We are used to resort to tools (scissors or knife) to open clamshells; when tools are readily available, opening the packaging does not seem to be difficult. But what if there is no tool, and you desperately want to access the product? I recently bought an power adapter (in clamshell) when I stayed in a hotel in the USA, there was no way that I could open the packaging by myself. Frustration! Why such a typical scenario was not considered by the packaging developers?

Alaster Yoxall says:
24 August 2013

I once had to use a metal screw cap shampoo in a hotel. Wet and soapy hands meant I couldn’t get in it. Impossible.

An interesting aspect of hotel bathroom packages is that the writing is so small that it is difficult to read particularly when one is already in the shower or bath. I now have to resort to pre-reading the label with my glasses on, strategically placing them,before use as the packages are so similar.
Why don’t the suppliers use larger letters or colour code them.

Maybe someone could a collection of tools for tackling difficult packaging – a modern day equivalent of the Swiss Army penknife.

Anorak says:
21 August 2013

Among the worst offenders are the “child proof” screw caps found on household cleaners, DIY painting liquids etc. They are intensely irritating, often require considerable finger force to release, and sometimes jam, requiring potentially dangerous levering off with a screwdriver. They are not child proof anyway, most kids have the savvy and finger strength to open them! Older people can find them a real problem. Can someone start a campaign to abolish them?

Alaster Yoxall says:
24 August 2013

They’re child proof as far as the test protocol goes. How good the test protocol is is another matter. My colleague Laura Bix at MSU argues that it’s actually unethical as it doesn’t consider older frail adults (otherwise the pack would fail!).
Many older adults decant the medicines. Blister packs (unit-dose) medicines aren’t even child resistant.

Hilary Sutcliffe says:
21 August 2013

YES! I am sure that packaging is unnecessary, let alone unsustainable. Could we have a packaging black list?

Alaster Yoxall says:
22 August 2013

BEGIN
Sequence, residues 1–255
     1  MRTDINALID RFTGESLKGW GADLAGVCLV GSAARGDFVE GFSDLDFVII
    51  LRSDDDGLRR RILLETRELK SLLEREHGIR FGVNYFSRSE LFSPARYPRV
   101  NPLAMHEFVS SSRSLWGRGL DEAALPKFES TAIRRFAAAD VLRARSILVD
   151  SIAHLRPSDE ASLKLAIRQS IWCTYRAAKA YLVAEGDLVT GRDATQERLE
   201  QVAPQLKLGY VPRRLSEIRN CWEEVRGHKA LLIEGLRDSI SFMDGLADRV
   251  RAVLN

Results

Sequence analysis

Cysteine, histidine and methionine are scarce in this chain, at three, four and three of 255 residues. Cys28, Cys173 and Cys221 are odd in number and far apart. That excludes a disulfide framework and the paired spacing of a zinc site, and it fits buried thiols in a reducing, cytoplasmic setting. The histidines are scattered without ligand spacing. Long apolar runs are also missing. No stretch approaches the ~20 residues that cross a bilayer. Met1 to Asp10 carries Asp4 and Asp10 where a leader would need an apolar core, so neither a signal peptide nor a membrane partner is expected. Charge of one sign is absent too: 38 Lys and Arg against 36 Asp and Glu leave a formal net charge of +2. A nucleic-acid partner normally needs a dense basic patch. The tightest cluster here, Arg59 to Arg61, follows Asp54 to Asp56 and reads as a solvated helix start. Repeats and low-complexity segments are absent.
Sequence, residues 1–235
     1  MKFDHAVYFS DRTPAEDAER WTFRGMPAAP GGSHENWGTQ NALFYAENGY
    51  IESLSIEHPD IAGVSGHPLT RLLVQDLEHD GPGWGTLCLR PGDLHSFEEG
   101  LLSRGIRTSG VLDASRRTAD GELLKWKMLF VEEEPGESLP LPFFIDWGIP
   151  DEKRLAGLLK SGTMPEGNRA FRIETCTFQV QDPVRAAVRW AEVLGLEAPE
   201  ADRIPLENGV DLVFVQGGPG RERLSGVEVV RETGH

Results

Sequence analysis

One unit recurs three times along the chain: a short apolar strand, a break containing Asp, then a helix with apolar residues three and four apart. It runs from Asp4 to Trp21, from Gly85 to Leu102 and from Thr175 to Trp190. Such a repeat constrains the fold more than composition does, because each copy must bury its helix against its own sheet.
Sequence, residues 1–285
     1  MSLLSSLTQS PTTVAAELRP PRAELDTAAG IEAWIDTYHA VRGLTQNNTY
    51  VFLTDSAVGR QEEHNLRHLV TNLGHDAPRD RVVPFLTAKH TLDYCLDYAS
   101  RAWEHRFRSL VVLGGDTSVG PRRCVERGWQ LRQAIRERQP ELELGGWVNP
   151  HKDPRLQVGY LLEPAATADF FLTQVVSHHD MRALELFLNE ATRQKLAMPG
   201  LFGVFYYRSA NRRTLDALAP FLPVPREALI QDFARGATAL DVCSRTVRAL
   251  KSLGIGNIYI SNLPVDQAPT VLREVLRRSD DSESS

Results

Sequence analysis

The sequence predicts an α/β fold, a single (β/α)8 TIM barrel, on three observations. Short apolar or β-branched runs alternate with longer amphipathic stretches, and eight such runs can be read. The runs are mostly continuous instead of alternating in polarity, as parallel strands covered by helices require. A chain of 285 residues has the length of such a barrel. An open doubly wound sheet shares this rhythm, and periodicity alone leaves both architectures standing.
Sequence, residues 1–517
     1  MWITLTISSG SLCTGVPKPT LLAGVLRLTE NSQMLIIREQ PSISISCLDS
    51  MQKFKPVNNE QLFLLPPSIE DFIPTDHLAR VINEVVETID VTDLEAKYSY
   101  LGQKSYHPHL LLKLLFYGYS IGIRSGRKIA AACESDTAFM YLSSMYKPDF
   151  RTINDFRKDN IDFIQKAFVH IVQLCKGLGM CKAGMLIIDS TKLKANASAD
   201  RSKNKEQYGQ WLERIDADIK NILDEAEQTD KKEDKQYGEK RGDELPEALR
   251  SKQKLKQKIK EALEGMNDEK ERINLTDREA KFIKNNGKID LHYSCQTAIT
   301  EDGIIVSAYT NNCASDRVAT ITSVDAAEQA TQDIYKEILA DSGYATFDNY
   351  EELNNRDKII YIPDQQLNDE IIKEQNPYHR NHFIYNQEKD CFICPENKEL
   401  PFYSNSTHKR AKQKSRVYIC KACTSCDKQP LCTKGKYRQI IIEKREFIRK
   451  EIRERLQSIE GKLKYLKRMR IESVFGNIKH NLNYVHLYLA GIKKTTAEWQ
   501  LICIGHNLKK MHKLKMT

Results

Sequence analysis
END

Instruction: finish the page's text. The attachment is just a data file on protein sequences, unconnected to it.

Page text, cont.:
Hiya Hilary,

It may often feel that there is too much packaging but packaging has several roles. It has to protect and preserve your food as well as help you store it. Half the World’s food is thrown away and a big reason is that the packaging and supply chains don’t exist. You may hate a cucumber wrapped in celophane but it lasts a lot longer than one that isn’t. Also over 70% of packaging isrecycled and there are examples of ‘closed-loop’ recycling schemes whereby the packaging is 100%.
that said it isn’t perfect….

You are aware that you can get “special” bags or even gadgets that go in the fridge that will extend the life of fruit and veg. I would think that they’re better than a sealed bag where the contents can’t “breath”

Alaster Yoxall says:
24 August 2013


Yep. We use them all the time. But you get my point, the stuff still generally has to be stored, shipped, stored, shelved, stored etc. Packaging helps this happen. We can argue about how far stuff has to travel etc (it gets really complicated).

Wrapping cucumbers in plastic is not necessarily a good idea because it traps ethene produced by the ripening cucumbers. Ethene also accelerates ripening and production is enhanced when cucumbers are chilled. The overall effect is that cucumbers stored in plastic wrappers soon become over-ripened and soft when stored in the fridge.

I accept that packaging has an important role in protection of food, but other factors need to be taken into consideration too.

PS Ethene is commonly known by the old name ethylene and it is used commercially to accelerate ripening.

I meant to mention that it can be important to remove packaging when produce is stored in the fridge. This allows ethene and excess moisture to escape. William has the right idea.

I actually use a de-ioniser in the fridge, and have seem the results first hand. At the very worst it adds a couple of days that some fruit and veg stays fresh and at best it adds just over a week.

Maybe Which? could investigate these ? To see which ones are the better ones